Find out what Project FeederWatch is, its history, and more
Find out how you FeederWatch, when you can FeederWatch, and what you'll need to do to get started
Review these instructions carefully before you count and enter data
Find out about types of feeders and types of foods, and where to place your feeder
Feeding Birds FAQs
Explore the winter distribution, food, and feeder preferences of common feeder birds.
Find out about color and plumage variations, bald heads, and deformed bills
Unusual Birds Gallery
Find out about bird disease and identifying the signs of bird disease
Sick Birds Gallery
Find out how to identify birds and download identification tools
Learn how to help birds as they seek out food sources, nesting habitat, protection, and more
Find educational resources for teachers, group leaders, and families
Find an article archive packed with lots of great bird study information
Learn about house finch eye disease
Review content from current and past BirdSpotter photo contests
Keep up to date with the latest FeederWatch happenings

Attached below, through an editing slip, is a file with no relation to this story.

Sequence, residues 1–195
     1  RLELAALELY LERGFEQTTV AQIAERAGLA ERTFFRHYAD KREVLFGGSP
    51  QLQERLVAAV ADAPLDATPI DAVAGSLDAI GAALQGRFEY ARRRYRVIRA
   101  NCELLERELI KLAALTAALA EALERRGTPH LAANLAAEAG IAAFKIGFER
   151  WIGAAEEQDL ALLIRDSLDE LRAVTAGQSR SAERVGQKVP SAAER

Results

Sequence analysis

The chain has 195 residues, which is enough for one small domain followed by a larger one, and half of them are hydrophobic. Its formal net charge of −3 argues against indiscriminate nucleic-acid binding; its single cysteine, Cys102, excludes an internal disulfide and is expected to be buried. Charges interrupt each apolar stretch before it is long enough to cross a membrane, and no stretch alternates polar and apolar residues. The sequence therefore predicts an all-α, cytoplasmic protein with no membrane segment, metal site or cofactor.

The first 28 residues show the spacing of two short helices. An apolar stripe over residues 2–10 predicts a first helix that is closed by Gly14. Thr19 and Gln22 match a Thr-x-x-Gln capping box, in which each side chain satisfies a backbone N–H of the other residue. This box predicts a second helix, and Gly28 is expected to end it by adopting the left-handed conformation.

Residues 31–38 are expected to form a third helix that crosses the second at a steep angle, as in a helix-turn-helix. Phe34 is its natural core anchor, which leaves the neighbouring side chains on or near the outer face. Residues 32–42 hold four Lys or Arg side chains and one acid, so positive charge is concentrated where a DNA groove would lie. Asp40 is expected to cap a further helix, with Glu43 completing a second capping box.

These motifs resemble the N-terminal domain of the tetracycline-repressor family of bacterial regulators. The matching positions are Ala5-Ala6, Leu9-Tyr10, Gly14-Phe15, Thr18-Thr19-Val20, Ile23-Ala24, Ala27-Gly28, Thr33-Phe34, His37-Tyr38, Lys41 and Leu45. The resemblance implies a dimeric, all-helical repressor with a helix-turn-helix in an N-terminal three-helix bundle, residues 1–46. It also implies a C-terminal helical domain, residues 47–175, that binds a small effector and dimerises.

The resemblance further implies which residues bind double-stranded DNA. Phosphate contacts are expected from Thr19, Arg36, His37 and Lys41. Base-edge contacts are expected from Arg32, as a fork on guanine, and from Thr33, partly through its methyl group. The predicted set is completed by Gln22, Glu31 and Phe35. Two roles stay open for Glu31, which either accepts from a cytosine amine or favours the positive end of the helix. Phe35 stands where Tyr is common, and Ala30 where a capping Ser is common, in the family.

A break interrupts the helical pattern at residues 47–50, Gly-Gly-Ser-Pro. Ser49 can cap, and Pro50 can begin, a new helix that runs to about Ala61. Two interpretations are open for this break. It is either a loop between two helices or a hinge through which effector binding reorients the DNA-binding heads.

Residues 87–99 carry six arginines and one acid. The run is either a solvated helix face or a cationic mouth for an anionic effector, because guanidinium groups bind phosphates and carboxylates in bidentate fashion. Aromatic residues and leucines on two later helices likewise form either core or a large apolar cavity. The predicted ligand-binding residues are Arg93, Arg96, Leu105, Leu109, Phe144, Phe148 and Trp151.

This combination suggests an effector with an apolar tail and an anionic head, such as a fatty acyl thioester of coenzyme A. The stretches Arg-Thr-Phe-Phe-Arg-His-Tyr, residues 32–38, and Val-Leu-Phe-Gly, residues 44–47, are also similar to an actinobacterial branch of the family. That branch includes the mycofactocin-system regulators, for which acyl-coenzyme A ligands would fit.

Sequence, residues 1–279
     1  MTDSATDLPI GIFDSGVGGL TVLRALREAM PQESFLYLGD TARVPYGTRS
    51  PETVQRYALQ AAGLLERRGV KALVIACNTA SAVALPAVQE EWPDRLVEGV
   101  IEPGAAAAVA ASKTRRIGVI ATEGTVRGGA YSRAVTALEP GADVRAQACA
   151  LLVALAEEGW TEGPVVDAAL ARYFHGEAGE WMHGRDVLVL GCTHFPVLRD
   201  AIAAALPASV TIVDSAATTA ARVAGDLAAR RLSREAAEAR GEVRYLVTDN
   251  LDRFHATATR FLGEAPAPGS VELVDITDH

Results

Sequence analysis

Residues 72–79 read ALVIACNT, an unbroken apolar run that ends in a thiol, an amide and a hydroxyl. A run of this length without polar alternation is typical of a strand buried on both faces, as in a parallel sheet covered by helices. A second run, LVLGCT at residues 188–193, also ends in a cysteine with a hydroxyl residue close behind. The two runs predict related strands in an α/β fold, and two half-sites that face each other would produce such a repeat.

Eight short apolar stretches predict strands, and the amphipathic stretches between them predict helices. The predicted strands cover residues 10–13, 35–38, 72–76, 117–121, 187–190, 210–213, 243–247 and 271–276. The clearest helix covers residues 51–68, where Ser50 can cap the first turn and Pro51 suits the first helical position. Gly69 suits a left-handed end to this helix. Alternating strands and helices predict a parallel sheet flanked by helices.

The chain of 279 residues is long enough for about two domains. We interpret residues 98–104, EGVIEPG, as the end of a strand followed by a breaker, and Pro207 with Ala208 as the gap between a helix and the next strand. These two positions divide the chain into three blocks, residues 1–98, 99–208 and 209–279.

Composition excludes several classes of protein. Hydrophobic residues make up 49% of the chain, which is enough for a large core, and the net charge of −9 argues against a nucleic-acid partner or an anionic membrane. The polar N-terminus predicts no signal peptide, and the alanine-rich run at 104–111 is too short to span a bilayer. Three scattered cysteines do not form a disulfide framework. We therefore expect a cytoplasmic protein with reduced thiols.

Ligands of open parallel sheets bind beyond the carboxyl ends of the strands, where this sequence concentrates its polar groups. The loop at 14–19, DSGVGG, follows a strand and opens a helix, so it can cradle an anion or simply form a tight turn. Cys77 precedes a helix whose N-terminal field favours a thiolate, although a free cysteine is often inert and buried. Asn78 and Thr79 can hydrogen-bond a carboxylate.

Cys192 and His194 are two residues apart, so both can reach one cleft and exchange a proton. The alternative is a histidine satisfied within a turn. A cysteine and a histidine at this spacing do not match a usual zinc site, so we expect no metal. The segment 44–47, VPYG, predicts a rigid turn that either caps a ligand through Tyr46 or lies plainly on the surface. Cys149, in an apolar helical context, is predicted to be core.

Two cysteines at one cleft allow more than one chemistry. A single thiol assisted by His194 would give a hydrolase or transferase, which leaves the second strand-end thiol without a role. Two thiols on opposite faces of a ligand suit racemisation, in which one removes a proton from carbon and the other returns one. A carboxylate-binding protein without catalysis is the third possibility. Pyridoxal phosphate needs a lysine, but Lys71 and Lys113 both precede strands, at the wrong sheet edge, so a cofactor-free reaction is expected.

These are exemplary FeederWatchers!
Send us your photos! Show us your count site, your birds, or you watching your site with loved ones!
Visit our live FeederWatch feedercams!
Cornell Lab of Ornithology feeders
Ontario (winter only)
See what birds occur the most by region
Explore species by state/province
See where FeederWatchers are
Graphs of regional population trends and distributions
Explore papers that have used FeederWatch data
Lab scientists analyze the data submitted by FeederWatch participants.
See birds well outside their winter range submitted to Project FeederWatch.
Start here for data entry and personal data review and exploration
Keep live track of your counts using the FeederWatch mobile app
Newbury Street, Bangor, ME, United States
As I was working in my house, I noticed Black-capped Chickadees flitting furiously up and down in a tree over one of my feeders. Eventually I saw the Cooper’s Hawk camouflaged in a thicket of branches. Four Chickadees and a White-breasted Nuthatch were harassing the hawk, one Chickadee coming within four inches of the hawk. I guess they realized the hawk was not as agile as they were and they must have worked as an early warning system for the pigeons and dove, which a Cooper’s Hawk has fed on in the past. Also, a male House Finch sat in a branch several feet over the hawk’s head. The hawk moved to another branch when I came out with my camera, which allowed me a clear shot.
Cooper's Hawk after harassment by four Black-capped Chickadees and a White-breasted Nuthatch
Your email address will not be published. Required fields are marked *
Save my name, email, and website in this browser for the next time I comment.